Jose Tafoya

Jose Piedad Tafoya (1834 - ca. 1913), sometimes called the Prince of the Comancheros, was one of the more notable traders from New Mexico who traveled throughout the Southern Great Plains exchanging goods with the Comanches and their allies the Kiowa for stolen horses, cattle, and sometimes human captives.[1][2][3][4] According to legend, he was seven feet tall.[5] He was born in La Cuesta, New Mexico in 1834 and first visited the Great Plains as early as 1859.[3][4] In the 1850s, he operated a sheep ranch in San Miguel County, New Mexico.[1][4] His first wife was Maria de Jesus Perez. They married April 20, 1863 in Anton Chico, New Mexico.[3] In the 1860s, he operated a trading post near what is now Quitaque, Texas.[1][4][6] In the 1870s, he began sheep herding in Texas.[1][2][4] He also at times acted as a scout for the US Army, possibly unwillingly. According to some sources, he was instrumental in the defeat of the Comanches at the Battle of Palo Duro Canyon. He allegedly revealed the location of Comanche camps to Colonel Ranald S. Mackenzie after being forced to do so either at the end of a rope or after being tied to a wagon wheel.[1][4][5][7][8][9][10] Some believe that this story is mythical.[10] Mackenzie credited another Comanchero scout named Johnson for finding the camps.[7] Tafoya also participated in the ill-fated Buffalo Soldier tragedy of 1877.[11][12][13] In 1879, he accompanied Lt. John L. Bullis on an expedition into southern New Mexico in pursuit of a band of marauding Lipan and Mescalero Apaches.[14] By the 1880s, he had left Texas and was once again ranching sheep in New Mexico.[1][4] He appeared in the U.S. Court of Claims in 1893 along with three other former Comancheros, where they admitted to having purchased cattle marked with brands belonging to Charles Goodnight and others.[1][8][4] He had at least four children and probably died about 1913, when his will was filed, bequeathing his house to his second wife, Teresa Baca de Tafoya.[3][8][4]


  1. ^ a b c d e f g Anderson, H. Allen. "Tafoya, Jose Piedad" . The Handbook of Texas Online. Texas State Historical Association (TSHA). Retrieved 4 August 2017.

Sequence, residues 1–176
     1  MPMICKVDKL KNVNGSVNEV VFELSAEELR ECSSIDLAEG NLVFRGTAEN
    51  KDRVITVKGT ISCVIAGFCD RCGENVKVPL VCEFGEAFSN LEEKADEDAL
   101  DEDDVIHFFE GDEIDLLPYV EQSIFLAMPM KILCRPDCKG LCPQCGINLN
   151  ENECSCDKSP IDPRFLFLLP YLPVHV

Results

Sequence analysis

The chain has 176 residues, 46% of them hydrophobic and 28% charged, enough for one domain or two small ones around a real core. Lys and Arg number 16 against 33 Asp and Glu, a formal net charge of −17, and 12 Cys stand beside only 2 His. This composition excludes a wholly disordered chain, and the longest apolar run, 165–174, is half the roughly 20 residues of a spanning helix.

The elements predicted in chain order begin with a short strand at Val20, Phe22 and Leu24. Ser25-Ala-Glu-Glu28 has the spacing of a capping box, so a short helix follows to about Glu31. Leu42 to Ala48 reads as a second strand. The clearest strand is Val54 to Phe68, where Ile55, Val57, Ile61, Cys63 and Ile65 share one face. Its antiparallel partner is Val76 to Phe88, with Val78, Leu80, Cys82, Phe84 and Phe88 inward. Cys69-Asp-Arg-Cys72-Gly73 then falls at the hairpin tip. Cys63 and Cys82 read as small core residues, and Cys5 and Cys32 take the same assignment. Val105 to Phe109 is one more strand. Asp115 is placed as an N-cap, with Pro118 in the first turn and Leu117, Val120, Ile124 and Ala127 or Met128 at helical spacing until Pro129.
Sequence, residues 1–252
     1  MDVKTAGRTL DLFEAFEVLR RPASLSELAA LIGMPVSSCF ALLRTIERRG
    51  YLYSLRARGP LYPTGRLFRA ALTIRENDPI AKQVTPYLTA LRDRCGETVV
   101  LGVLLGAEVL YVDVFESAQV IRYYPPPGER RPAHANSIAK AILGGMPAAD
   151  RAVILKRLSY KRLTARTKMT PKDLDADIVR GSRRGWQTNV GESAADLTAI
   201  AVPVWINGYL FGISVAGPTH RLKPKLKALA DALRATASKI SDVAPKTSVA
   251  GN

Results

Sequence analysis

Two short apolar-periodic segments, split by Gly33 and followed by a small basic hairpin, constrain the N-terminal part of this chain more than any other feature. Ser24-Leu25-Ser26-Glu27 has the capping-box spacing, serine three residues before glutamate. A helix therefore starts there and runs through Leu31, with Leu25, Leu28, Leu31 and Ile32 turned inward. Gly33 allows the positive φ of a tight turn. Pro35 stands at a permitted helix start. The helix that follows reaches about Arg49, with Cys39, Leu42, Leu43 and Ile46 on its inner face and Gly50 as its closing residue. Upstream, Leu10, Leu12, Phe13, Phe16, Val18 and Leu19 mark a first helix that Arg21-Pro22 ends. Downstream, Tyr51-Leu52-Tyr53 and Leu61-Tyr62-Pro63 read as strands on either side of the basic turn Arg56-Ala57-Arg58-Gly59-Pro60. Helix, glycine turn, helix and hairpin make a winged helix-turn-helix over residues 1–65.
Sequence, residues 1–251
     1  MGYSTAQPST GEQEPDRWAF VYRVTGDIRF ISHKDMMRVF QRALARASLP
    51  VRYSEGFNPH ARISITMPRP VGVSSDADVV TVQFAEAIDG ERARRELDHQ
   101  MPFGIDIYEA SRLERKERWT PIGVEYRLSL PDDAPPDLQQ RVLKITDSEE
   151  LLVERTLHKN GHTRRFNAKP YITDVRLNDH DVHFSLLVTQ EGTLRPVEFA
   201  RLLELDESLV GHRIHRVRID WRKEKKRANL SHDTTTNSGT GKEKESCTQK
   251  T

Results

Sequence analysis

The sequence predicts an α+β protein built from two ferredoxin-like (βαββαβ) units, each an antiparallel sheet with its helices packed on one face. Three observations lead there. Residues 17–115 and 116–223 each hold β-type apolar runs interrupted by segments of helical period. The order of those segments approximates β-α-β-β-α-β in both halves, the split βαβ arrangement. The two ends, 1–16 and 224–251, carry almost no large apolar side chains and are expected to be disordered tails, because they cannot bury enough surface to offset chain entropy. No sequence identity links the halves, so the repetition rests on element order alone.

2. ^ a b Anderson, H. Allen. "Comancheros" . The Handbook of Texas Online. Texas State Historical Association (TSHA). Retrieved 4 August 2017.
  3. ^ a b c d "El Principe De Los Comancheros, Jose Piedad Tafoya" . More Thoughts from New Mexico. Retrieved 4 August 2017.
  4. ^ a b c d e f g h i Ellis, Mark R. "Tafoya, Jose Piedad" . Encyclopedia of the Great Plains. University of Nebraska - Lincoln. Retrieved 4 August 2017.
  5. ^ a b Fenn, Forrest. "Scrapbook One Hundred Seventy Three - The Prince of the Comancheros" . Fenn Scrapbook. Retrieved 4 August 2017.
  6. ^ Dooley, Claude; Dooley, Betty (1978). Why Stop? A Guide to Texas Historical Roadside Markers (2nd ed.). Houston, Texas: Gulf Publishing Company. p. 408. ISBN 0-88415-922-1.
  7. ^ a b Haley, James L (1976). The Buffalo War - The History of the Red River Indian Uprising of 1874. Norman, Oklahoma: University of Oklahoma Press. pp. 175–176. ISBN 0-8061-1957-8.
  8. ^ a b c Bowser, David (3 August 2007). "NM Ranch Includes Comancheros, Ownership Disputes In History" . Livestock Weekly. Retrieved 4 August 2017.
  9. ^ Fehrenbach, T. R. (1974). Comanches - The History of a People (1st Anchor Books ed.). Anchor Books. p. 541. ISBN 1-4000-3049-8.
  10. ^ a b Dan L. Thrapp (1 June 1991). Encyclopedia of Frontier Biography: P-Z . University of Nebraska Press. p. 1397. ISBN 0-8032-9420-4. Retrieved 6 August 2017.
  11. ^ Leckie, William H. (1967). The Buffalo Soldiers - A Narrative of the Negro Cavalry in the West . Norman, Oklahoma: University of Oklahoma Press. pp. 157-160 . ISBN 0-8061-1244-1.
  12. ^ Debra J. Sheffer Ph.D. (24 March 2015). The Buffalo Soldiers: Their Epic Story and Major Campaigns . ABC-CLIO. p. 104. ISBN 978-1-4408-2983-3.
  13. ^ Sandoz, Mari (1954). The Buffalo Hunters . Lincoln, Nebraska: University of Nebraska Press. pp. 291-312 . ISBN 0-8032-5883-6.
  14. ^ Porter, Kenneth Wiggins (January 1952). "The Seminole-Negro Scouts". The Southwestern Historical Quarterly. LV (3).


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